New York/Rome — Italian Prime Minister Mario Draghi has abandoned a project backed by his predecessor to create a single national fibre network controlled by Telecom Italia, in a bid to boost competition among carriers and employ a wider set of technologies including 5G services.
The government’s project to improve the country’s digital services will be structured around competitive tenders in multiple areas and will be designed to grant wholesale access to third parties, a senior government official said.
Italy’s recovery plan earmarks €6.7bn to boost investment in ultrawide broadband to achieve universal coverage across the entire country, the official said.
After an EU request for the government to foster competition as it allocates funds from the bloc’s recovery plan, Rome will no longer support Telecom Italia’s plan to combine its landline assets with networks run by state-owned rival Open Fiber, according to people familiar with the matter. The Telecom Italia proposal would have kept the combined new operator under the former monopolist’s control.
The Draghi government is intent on halting any project that would reverse two decades of deregulation and in effect allow Telecom Italia to kill off a competitor, albeit one under state control, the people said, asking not to be named discussing confidential deliberations. The government’s plan would represent opposition to a return to a monopoly in the phone industry, they said.
Telecom Italia shares tumbled as much as 9.2%, and traded down 6.3% at 1.52pm in Milan. The government coming out against the network plan would significantly damage hopes for a merger of the company’s FiberCop network with Open Fiber, Berenberg analyst Carl Murdock-Smith wrote in a note.
Documentation on the recovery plan sent by Draghi’s government to the EU backs the Italian position, daily La Repubblica reported on Thursday.
Innovation minister Vittorio Colao, a former CEO at wireless carrier Vodafone, told Repubblica recently the government is committed to assuring “equity of access to fast internet connections and fair and open competition”. The state should be “an arbiter rather than a player” in the process, he said.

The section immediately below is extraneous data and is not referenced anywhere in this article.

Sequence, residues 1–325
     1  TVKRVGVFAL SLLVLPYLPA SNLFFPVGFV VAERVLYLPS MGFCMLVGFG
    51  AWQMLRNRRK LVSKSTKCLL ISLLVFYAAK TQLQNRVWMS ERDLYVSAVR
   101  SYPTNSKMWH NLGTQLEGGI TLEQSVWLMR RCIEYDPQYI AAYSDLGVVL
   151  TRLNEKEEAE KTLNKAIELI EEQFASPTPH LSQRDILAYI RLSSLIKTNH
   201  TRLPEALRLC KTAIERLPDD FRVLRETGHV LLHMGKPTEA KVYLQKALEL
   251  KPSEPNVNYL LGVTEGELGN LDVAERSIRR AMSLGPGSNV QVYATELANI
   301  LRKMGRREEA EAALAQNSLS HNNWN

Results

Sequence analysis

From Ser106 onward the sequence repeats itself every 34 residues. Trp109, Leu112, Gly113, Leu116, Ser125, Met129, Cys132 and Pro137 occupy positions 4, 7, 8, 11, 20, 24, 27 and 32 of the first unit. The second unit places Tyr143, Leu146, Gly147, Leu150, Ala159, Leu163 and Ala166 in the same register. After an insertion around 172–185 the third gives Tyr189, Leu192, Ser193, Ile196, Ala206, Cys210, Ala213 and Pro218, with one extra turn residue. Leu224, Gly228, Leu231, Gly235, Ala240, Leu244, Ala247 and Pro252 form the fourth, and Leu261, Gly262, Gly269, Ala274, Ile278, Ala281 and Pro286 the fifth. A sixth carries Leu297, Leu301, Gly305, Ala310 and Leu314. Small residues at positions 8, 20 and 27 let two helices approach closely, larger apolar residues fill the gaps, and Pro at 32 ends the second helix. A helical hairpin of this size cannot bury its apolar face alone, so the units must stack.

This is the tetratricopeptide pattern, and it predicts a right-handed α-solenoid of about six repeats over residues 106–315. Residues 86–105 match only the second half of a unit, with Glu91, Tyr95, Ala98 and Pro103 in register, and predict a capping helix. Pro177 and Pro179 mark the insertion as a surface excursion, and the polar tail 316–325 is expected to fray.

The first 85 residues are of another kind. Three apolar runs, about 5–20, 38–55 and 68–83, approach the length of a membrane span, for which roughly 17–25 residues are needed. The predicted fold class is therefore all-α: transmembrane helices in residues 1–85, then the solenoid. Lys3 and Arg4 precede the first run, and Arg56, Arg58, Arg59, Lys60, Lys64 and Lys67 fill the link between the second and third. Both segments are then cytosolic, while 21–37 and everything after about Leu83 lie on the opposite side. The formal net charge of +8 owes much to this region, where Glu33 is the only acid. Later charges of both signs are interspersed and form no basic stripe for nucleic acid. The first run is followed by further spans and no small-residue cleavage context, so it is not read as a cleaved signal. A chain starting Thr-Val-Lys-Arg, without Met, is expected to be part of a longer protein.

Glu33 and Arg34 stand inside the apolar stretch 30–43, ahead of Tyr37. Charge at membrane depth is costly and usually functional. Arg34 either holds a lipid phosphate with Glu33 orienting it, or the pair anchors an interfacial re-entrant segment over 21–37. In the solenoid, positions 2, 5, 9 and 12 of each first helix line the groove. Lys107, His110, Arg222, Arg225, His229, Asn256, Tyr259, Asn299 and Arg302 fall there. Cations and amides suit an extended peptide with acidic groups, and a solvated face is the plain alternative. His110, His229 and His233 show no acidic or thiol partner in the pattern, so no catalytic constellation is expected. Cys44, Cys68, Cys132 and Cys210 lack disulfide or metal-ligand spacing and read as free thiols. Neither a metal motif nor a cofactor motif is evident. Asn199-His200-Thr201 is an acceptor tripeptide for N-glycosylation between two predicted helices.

The government aims to adopt a technology-neutral approach, encompassing fibre deployment as well as fixed wireless access and 5G, the government official said, asking not to be named discussing confidential matters.
Italy has also moved to tighten its grip on Open Fiber, originally a joint venture between Enel, the country’s biggest utility, and state-backed lender Cassa Depositi e Prestiti. Cassa Depositi last week gained control of Open Fiber by buying an additional 10% from Enel, and now plans to accelerate its fibre rollout and inject about €250m into the company through a capital increase, according to people familiar with the matter.
Representatives for the government, Telecom Italia and Open Fiber declined to comment for this story.
Under the revised plan Open Fiber would accelerate its internet services rollout in rural areas, with the government encouraging competition for services in urban regions. Rome would also look to foster coinvestment projects relying not just on fibre but also on ultra-fast mobile services such as 5G, the people said.
The government acknowledged recently that Italy lags behind European peers in “digital adoption and technological innovation”, particularly in rural areas, while the country ranks near the bottom among EU states in adopting new technologies.
“To boost the country’s broadband rollout, the European Commission could leverage on wholesale-only carriers such as Open Fiber or Telecom Italia’s FiberCop, as they provide ultrabroadband services for all players granting equal access,” said Laura Rovizzi, CEO at Open Gate Italia, a Rome-based strategy and regulation consultant that specialises in telecommunications. A clear commitment to an open playing field for digital services could ease access to recovery plan funds, she said.
Telecom Italia CEO Luigi Gubitosi, with the backing of the previous government led by Giuseppe Conte, had pushed for an Open Fiber deal for months, insisting his company would not cede control of the proposed merged network.
That plan was the result of long negotiations between the Conte government, Telecom Italia and Cassa Depositi, which owns nearly 10% of Telecom Italia and about half of Open Fiber. Conte resigned in late January and was replaced by Draghi the next month.
Telecom Italia last year agreed to sell 37.5% of its landline cables running from the street to premises — the so-called secondary network — to the infrastructure unit of investment firm KKR & Co for €1.8bn. Swisscom’s Fastweb will hold 4.5% of the new network company, dubbed FiberCop, which will be a direct competitor of Open Fiber.
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